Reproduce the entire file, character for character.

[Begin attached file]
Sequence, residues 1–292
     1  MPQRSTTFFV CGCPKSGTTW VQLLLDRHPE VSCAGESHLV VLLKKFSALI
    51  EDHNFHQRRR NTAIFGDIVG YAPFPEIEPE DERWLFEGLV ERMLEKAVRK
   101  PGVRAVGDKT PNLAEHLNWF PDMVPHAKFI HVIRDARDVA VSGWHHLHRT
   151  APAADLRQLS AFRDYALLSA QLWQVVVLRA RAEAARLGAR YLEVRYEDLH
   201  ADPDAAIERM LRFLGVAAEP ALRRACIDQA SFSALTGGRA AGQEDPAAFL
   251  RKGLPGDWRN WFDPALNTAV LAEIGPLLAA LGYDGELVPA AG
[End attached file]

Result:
Sequence, residues 1–292
     1  MPQRSTTFFV CGCPKSGTTW VQLLLDRHPE VSCAGESHLV VLLKKFSALI
    51  EDHNFHQRRR NTAIFGDIVG YAPFPEIEPE DERWLFEGLV ERMLEKAVRK
   101  PGVRAVGDKT PNLAEHLNWF PDMVPHAKFI HVIRDARDVA VSGWHHLHRT
   151  APAADLRQLS AFRDYALLSA QLWQVVVLRA RAEAARLGAR YLEVRYEDLH
   201  ADPDAAIERM LRFLGVAAEP ALRRACIDQA SFSALTGGRA AGQEDPAAFL
   251  RKGLPGDWRN WFDPALNTAV LAEIGPLLAA LGYDGELVPA AG